To our FRC Customers -
We wanted to provide some updates on hardware changes and availability for the Falcon 500 Motor Powered by Talon FX.
First things first. Our original goal was to have the motors available prior to the end of the year so that teams could have them in hand before robot development began in the early season. Unfortunately, we have been unable to meet this target due to manufacturing and supply chain constraints.
With that in mind, here is our current estimated timeline for Falcon availability:
January 10th: 1st Falcon shipment leaves the manufacturing facility in China
January 15th-17th: Falcon shipment arrives at VEX’s distribution facilities in Texas
January 16th-18th: Falcons are made available for purchase on VEX’s storefront and units begin shipping to other Falcon 500 distributors.
We understand that this means teams will not have Falcons in hand prior to kickoff, and know that this is far from an ideal scenario. Note that the January 16th date above is the absolute earliest Falcons will be available and is a best-case estimate. If for any reason the estimates above change significantly, we will provide further updates so folks can plan accordingly.
Please know that we are working hard to have units available as soon as possible, and sincerely apologize for the potential bind that some teams may find themselves in due to this setback.
All that being said, I’m happy to announce some new hardware changes to the Falcon 500, that should provide for a more durable motor, and a friendlier long-term user experience.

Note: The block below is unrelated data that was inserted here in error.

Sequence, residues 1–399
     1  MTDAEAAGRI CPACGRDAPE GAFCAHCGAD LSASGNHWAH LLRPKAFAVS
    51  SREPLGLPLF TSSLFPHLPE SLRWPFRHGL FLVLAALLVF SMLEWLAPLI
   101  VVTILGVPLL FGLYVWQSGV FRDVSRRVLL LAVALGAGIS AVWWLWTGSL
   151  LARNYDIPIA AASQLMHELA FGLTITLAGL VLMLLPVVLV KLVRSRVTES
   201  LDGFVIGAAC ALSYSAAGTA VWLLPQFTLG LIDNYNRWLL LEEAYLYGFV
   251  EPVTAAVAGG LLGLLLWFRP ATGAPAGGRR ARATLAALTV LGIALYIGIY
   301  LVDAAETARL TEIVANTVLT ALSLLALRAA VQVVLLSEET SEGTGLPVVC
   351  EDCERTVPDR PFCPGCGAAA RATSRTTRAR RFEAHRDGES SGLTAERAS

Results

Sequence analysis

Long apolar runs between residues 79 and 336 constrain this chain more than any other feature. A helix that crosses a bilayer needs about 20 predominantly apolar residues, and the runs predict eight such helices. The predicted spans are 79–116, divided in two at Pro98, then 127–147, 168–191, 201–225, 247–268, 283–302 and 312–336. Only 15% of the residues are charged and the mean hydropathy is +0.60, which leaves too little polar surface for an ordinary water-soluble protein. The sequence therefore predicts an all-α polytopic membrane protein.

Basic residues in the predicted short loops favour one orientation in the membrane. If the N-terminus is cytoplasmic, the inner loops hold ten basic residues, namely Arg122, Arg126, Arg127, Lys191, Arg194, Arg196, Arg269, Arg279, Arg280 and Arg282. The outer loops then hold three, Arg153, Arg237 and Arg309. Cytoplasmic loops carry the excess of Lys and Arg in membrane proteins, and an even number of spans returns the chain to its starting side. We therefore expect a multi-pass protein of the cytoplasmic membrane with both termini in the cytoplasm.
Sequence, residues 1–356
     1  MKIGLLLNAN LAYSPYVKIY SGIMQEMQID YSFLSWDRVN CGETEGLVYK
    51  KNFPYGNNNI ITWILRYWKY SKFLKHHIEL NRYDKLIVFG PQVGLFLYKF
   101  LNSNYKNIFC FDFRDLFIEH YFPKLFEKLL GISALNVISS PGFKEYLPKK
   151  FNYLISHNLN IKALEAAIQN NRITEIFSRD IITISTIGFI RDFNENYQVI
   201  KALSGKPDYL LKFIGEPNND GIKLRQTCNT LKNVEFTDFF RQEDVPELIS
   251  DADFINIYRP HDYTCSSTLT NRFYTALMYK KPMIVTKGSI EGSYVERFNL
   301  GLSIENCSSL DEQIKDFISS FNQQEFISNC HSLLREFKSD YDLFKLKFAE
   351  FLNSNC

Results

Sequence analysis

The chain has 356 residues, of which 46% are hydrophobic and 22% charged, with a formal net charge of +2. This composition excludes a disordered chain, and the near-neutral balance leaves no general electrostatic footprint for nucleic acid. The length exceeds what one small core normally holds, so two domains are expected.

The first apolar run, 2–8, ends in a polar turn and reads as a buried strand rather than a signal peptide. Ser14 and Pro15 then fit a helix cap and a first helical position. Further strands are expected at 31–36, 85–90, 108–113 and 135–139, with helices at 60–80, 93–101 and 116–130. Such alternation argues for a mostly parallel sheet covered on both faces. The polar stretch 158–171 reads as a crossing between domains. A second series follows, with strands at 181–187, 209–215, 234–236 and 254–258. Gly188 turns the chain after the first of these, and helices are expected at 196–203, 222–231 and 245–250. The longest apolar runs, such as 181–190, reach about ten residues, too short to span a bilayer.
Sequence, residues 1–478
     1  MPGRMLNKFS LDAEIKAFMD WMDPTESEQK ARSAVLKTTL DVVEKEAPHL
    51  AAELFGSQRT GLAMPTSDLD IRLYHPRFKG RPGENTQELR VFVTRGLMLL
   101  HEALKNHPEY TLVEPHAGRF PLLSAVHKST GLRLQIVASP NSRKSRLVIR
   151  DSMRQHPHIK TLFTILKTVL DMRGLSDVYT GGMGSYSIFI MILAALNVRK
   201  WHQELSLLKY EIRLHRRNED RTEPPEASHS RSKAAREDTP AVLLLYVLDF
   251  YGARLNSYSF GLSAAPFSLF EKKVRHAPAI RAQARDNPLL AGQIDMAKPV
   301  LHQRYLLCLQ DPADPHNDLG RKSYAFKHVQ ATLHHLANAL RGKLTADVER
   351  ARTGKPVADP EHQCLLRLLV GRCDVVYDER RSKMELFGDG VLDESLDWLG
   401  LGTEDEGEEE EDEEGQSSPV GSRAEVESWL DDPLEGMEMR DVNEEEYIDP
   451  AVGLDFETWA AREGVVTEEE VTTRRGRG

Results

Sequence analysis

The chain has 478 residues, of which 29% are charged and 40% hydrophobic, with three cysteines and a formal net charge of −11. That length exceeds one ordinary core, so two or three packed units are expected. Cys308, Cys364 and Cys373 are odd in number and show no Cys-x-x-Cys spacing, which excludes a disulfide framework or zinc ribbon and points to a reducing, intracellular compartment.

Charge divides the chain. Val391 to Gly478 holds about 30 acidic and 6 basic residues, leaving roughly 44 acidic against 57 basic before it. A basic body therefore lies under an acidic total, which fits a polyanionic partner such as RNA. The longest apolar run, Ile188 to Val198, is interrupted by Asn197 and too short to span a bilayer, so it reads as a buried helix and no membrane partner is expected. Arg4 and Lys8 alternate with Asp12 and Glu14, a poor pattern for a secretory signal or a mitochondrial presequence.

- A changed motor assembly method. The 50mm long M3 screws are being replaced by shorter M2.5 screws that thread into each side of the sleeve. Making assembly / re-assembly easier.
- We added a second bearing to the faceplate to better support the output shaft. The size of these bearings has also been increased to handle higher axial loads.
- A changed shaft retention method, meaning no more screws hidden inside the motor. The motor now has a female spline bushing that drives the output shaft. The shaft is retained by the motor assembly, making shaft changes easier. The spline bushing is pressed into the rotor housing and pinned in place using roll pins.
- New output shaft design which has a longer sleeve to go through the two bearings in the faceplate. The shaft is pressed into the flanged section and pinned together.
- A second cooling port to allow motors to be plumbed through a single inlet.
- Mounting holes on the face plate is now blind to prevent long screws from locking the rotor.
Look for an updated User Guide and CAD Models to be released sometime later this week.
As always, we appreciate your patience and patronage as we look forward to restoring some of the faith we’ve lost over the past year or so. Best of luck to all teams on this upcoming season.